In 1998, a mass bleaching event hit reefs in the Seychelles, leading to a devastating loss of 90% of the African island nation’s live coral. While that event wasn’t caused by climate change (rather by El Niño, a recurring climate pattern that causes ocean warming every few years), global heating has increased the frequency of these harmful incidents, which strip coral of the microalgae coating that supplies sea life with a nutritious food source.
In turn, the 850 million humans who live close to reefs and rely on those reef fisheries for nutrition and their livelihoods are also put at risk. “It’s a huge food provisioning role that these reefs are playing,” says James Robinson, a research fellow at Lancaster University in the U.K. Almost all the fish that are caught in reefs around the world are consumed domestically by the local population. That’s why a new study, which Robinson coauthored, gives hope: Even reefs that haven’t recovered their original algae states after bleaching seem to provide nutrient-rich food to fish.
The Seychelles islands, which contain 1,700 square kilometers of reefs, have been particularly hard hit, making them a good case study for Robinson to determine exactly how climate events can affect the nutritional potential of reefs. And, more generally, to find out how nutrient-rich tropical reef fish are, in a place where it’s the primary source of protein, representing 47% of animal protein intake among residents.
Of the country’s bleached reefs, 40% experienced “habitat collapse and macroalgal overgrowth,” where the reef is overrun by seaweed, a relatively common outcome. That new food source favors tropical bottom-feeders, like rabbitfish and parrotfish, which have increased in biomass in the Seychelles, despite the coral collapsing. The team measured specific minerals in the muscles of these fish from the reefs, comparing them with ones from reefs that had recovered their coral. They then compared the mineral content to those of other common proteins, including chicken breast, ribeye, and tilapia.
They found the fish were nutritious, consistent with most seafood. But the content of minerals like iron and calcium was higher than in species like tilapia. Most surprising was how nutritious the fish from the unrecovered corals were: Iron and zinc content was higher in fish from those habitats versus the recovered reefs. “We didn’t see that coming,” Robinson says.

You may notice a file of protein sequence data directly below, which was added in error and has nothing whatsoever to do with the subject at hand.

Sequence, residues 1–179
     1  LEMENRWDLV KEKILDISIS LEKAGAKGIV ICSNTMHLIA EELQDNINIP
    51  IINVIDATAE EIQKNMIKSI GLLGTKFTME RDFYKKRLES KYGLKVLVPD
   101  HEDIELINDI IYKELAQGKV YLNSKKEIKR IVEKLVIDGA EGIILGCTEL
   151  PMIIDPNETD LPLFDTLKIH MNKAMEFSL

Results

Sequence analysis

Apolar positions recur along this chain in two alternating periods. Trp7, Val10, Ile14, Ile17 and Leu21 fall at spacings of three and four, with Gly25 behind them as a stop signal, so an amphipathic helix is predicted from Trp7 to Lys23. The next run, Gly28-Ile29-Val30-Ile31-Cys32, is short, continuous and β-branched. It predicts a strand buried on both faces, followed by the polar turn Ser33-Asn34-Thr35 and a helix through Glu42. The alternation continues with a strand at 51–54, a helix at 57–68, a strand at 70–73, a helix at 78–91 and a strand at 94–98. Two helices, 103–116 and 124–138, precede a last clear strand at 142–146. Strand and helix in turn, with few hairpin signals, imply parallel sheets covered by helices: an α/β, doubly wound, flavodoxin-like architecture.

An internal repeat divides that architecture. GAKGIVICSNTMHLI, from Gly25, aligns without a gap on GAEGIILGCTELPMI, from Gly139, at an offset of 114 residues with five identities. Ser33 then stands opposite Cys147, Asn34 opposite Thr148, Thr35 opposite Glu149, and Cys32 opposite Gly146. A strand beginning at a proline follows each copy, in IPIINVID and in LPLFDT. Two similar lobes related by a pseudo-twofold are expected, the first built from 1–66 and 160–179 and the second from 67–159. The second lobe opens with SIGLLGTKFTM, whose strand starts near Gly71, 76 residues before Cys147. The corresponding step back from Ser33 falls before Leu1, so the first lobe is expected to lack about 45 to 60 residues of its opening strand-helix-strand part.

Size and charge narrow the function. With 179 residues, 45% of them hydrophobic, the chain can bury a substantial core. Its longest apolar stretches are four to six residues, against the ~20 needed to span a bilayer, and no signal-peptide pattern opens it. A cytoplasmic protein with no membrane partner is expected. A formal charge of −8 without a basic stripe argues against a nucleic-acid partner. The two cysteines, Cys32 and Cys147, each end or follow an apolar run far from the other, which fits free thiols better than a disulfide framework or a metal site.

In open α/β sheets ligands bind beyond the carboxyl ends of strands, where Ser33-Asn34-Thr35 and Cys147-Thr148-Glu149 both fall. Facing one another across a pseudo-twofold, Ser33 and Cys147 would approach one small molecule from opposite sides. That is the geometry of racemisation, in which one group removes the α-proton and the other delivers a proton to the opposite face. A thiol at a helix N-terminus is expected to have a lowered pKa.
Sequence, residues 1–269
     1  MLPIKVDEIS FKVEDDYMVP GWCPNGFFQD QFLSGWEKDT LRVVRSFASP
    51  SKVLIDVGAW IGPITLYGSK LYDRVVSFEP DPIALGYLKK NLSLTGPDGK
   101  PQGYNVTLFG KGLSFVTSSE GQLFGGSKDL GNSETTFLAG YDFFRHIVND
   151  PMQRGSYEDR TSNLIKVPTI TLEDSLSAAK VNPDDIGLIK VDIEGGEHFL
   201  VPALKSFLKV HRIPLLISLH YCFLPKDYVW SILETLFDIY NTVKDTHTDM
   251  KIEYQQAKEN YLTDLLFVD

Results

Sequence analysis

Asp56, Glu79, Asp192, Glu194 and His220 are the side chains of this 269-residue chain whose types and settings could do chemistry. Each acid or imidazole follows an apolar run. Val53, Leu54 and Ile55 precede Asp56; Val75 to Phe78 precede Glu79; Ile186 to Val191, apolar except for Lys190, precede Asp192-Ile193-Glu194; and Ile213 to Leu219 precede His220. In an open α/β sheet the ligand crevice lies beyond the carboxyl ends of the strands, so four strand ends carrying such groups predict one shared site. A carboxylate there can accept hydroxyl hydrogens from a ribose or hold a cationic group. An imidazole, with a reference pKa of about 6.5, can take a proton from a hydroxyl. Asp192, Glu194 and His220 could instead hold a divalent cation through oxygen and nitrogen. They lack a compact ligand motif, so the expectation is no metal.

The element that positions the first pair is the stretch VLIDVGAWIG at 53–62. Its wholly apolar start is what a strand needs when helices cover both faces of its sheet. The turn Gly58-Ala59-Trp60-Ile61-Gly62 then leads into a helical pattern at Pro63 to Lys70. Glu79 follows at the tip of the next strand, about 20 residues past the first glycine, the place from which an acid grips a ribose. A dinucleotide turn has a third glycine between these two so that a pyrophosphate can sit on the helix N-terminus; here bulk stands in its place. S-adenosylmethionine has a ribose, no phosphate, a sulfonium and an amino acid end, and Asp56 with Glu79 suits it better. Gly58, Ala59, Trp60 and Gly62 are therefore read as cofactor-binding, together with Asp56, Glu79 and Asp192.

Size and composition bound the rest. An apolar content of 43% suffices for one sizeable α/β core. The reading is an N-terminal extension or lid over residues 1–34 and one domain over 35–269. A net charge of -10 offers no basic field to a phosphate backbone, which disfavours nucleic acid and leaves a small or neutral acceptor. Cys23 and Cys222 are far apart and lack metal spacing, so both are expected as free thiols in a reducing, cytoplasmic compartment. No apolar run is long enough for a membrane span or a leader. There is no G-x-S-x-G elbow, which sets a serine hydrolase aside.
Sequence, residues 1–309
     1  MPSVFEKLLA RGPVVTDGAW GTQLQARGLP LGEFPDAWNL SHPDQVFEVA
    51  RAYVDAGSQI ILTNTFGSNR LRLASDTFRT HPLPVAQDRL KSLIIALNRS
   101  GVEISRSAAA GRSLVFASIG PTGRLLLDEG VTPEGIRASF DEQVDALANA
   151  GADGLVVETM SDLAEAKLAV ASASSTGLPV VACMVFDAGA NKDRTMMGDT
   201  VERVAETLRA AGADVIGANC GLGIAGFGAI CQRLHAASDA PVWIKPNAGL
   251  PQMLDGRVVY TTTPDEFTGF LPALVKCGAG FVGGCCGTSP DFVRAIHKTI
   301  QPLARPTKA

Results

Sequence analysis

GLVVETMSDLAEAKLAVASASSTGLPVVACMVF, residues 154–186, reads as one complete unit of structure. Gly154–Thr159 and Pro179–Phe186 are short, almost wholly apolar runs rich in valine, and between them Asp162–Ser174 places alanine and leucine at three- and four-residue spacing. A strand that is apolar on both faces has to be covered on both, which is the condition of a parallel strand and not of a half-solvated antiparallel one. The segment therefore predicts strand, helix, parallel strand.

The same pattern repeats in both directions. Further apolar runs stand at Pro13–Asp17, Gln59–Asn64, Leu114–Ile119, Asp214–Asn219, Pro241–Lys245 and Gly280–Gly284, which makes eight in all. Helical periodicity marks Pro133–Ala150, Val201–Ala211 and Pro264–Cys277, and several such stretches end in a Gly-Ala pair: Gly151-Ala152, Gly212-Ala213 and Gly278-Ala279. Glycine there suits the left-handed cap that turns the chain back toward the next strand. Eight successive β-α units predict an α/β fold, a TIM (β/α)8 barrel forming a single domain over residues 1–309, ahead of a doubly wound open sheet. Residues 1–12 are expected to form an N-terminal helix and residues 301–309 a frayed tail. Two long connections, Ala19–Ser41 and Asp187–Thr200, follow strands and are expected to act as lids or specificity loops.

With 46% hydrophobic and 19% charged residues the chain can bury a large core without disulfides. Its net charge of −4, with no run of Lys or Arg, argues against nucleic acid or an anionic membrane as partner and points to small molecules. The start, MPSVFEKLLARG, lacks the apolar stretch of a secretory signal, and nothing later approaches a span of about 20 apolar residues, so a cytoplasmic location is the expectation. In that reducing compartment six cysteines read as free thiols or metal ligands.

The researchers believe the reason is, quite simply, that the seaweed is richer in those minerals. “Sargassum seaweeds . . . have high levels of minerals and, when cover is high, may account for similar amounts of primary production as turf algae,” the report reads. And if the fish are now eating nutrient-rich seaweed, humans who eat those fish are also benefiting. “We think this higher contribution of a new energy source provides nutrients in the entire food web,” Robinson says.
That finding could be vital in the Seychelles and similar tropical countries, given malnutrition struggles due to deficiencies of iron, zinc, and calcium, which leads to stunted growth and anemia as well as food insecurity. “These results suggest that coral reef small-scale fisheries may play a vital local role in public health,” the study reads.
Coral bleaching is still reducing biodiversity, and the biomass of piscivores (fish-eaters) that rely on a more diverse source of prey than the seaweed feeders. “It’s bad from a coral reef biodiversity perspective,” Robinson says. “There’s no doubt about that.” But the nutrient-packed herbivorous fish that are caught for food have increased in biomass, which is a boon for the local population. Around the world, there are similar trends, Robinson says: The Great Barrier Reef, which experienced the largest mass bleaching event since the Seychelles, has also attracted more herbivores.
“Despite loss of coral, you can still produce food,” Robinson concludes, noting that the main takeaway should be the importance of managing reef fisheries in a more sustainable way. “Reefs do play an important role in local food security in the tropics,” he says. “And they can still do so. We just can’t overfish.”